Scots employers 'missing out on hidden talent pool' amid skills shortage nightmare

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More than two thirds of Scottish organisations are experiencing skills shortages, with the issue one of the top challenges facing employers, a key study today reveals.

The annual Business Barometer report published by the Open University and the British Chambers of Commerce provides a temperature check on the UK skills landscape. It highlights that, despite the ongoing skills shortage, almost two in five Scottish organisations don’t have any specific initiatives, skills programmes or workplace adjustments in place for specific talent pools, including underrepresented groups such as people with disabilities or workers from diverse ethnicities.

The report suggests that employers are missing out on the hidden talent pool and an opportunity to “grow your own” talent during a time where two in five firms say they have been prevented from filling roles due to a lack of applicants. The skills shortage continues to have negative knock-on effects for existing staff morale and wellbeing, according to the findings, with three in four organisations north of the Border reporting increased workload on existing staff. Businesses also reported an impact in terms of reduced activity or output and scaled-down growth plans.

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David Allen, acting depute director, external engagement & partnerships, at the Open University in Scotland, said: "Skills shortages are biting hard; damaging businesses and holding back economic growth. Never has it been more important for businesses, governments and training providers to work together to find solutions. We have a vast variety of initiatives in place to support people, regardless of age, geography and background, to access higher education and succeed in their studies. For example, 26 per cent of Open University students in Scotland declare a disability and we are able to offer support with finance, screen setup, exam arrangements, virtual internships and more.”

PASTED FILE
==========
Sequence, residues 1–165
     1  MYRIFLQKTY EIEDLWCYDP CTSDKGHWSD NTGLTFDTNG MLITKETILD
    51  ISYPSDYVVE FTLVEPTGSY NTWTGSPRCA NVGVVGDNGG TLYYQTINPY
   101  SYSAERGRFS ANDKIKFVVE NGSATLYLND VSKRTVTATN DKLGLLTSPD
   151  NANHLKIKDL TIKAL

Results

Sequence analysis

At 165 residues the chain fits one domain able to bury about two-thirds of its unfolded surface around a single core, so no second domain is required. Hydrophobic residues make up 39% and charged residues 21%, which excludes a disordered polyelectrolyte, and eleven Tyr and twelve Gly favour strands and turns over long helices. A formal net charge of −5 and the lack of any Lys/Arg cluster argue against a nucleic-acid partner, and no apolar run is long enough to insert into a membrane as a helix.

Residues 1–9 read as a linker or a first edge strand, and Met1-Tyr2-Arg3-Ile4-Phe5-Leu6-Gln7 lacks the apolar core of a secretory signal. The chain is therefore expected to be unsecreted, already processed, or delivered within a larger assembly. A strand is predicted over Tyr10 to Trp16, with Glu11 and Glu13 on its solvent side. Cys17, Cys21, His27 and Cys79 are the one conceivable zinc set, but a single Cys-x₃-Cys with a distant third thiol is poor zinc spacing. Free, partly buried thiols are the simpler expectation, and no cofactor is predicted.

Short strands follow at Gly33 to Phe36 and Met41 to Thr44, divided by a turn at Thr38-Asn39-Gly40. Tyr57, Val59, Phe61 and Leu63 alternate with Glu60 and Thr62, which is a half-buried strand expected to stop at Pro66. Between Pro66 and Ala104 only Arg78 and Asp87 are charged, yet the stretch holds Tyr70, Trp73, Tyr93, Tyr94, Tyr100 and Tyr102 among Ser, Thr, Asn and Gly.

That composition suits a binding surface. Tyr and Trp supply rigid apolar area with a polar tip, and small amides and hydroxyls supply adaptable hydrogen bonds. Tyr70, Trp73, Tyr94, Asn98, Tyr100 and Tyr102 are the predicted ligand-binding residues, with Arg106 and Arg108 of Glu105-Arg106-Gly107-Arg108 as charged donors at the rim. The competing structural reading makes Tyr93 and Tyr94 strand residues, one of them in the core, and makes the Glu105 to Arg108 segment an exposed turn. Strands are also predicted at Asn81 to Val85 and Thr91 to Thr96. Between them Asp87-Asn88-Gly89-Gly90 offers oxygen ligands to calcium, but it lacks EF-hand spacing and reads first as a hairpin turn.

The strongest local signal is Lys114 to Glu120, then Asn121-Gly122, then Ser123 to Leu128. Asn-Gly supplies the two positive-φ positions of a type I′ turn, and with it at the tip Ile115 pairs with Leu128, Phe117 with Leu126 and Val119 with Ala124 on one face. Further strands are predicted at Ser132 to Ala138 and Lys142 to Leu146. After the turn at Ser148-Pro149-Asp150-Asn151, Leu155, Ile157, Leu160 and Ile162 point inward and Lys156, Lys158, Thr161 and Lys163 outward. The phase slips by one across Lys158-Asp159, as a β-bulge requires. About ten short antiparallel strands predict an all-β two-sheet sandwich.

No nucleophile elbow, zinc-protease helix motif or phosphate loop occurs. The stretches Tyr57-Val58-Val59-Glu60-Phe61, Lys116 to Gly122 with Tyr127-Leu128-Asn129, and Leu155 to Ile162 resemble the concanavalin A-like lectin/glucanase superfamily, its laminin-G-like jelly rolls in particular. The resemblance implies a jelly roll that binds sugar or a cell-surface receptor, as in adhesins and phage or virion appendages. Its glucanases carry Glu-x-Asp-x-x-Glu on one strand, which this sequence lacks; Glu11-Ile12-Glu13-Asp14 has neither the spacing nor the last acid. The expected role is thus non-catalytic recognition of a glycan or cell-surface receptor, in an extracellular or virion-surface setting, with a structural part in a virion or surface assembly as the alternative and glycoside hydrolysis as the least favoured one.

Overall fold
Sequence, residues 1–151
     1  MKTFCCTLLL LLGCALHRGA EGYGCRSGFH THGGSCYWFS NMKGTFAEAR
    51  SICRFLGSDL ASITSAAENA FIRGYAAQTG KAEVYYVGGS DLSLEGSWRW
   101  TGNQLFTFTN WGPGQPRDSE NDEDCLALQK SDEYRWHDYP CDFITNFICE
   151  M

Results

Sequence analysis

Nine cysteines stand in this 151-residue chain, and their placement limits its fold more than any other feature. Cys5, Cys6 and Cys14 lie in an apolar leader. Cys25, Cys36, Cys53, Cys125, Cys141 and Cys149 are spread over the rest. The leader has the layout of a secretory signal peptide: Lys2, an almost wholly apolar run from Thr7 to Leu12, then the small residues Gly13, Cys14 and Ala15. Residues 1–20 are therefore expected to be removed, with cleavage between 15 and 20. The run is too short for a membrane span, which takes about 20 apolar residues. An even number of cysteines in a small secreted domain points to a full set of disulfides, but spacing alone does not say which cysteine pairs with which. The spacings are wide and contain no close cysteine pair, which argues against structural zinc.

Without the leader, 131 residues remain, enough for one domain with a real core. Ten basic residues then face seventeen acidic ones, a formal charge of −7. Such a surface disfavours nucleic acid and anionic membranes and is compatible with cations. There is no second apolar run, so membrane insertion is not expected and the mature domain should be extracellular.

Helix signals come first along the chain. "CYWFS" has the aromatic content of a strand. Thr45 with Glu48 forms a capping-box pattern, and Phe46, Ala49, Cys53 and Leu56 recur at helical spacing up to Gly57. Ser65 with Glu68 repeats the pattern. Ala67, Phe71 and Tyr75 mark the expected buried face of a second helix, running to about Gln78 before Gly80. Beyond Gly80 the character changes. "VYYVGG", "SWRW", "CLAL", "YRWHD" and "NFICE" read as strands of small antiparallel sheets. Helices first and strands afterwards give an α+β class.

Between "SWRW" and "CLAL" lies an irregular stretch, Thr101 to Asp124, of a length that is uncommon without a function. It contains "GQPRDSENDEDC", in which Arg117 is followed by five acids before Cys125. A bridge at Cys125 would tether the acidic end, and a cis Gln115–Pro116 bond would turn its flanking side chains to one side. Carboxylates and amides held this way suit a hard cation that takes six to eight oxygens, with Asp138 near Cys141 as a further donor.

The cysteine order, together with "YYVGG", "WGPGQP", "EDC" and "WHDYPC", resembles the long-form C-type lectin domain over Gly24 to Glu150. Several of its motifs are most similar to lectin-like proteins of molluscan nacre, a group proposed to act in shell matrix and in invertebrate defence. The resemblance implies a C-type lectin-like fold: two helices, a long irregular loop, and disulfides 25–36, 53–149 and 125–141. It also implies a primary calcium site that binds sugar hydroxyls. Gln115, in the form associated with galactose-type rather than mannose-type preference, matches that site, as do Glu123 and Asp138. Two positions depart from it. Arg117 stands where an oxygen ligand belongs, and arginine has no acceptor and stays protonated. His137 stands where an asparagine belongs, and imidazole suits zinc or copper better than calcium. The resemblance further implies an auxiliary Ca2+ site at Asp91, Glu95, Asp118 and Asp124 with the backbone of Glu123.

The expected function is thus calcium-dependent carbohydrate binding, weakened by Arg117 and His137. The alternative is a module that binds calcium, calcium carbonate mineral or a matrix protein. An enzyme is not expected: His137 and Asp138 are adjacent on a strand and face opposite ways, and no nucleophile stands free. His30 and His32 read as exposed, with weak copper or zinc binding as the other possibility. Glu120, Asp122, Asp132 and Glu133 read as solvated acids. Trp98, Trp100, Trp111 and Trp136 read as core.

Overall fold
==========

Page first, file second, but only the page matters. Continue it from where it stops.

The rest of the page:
The threat of an ageing Scottish workforce retiring without employers having the skills to replace experienced employees is another concern, with a third reporting an increase in the number of employees over the age of 50 in the last three years. Despite that, almost nine in ten organisations do not have a specific initiative in place for workers over 50, while three-quarters don’t have any written annual plans to prepare for people exiting the business. The report reveals that organisations, especially small and medium-sized enterprises (SMEs), lack the necessary expertise and resources to strategically address the skills gaps and challenges effectively. As a result, many firms are said to be trapped in a “cycle of continual recruitment and retention challenges”.

Baroness Martha Lane Fox, chancellor at the Open University and president of the British Chambers of Commerce, said: “It’s clear from this year’s report that the skills shortage has not improved, despite the existing efforts from organisations across the UK. We haven’t solved it yet. But what is even more concerning is that organisations aren’t investing in specific talent pools, including underrepresented groups. If organisations continue to ignore these workers, they risk missing out on untapped talent and deepening the skills gap even further. There could be a big opportunity for employers here if hidden talent is given a boost.”

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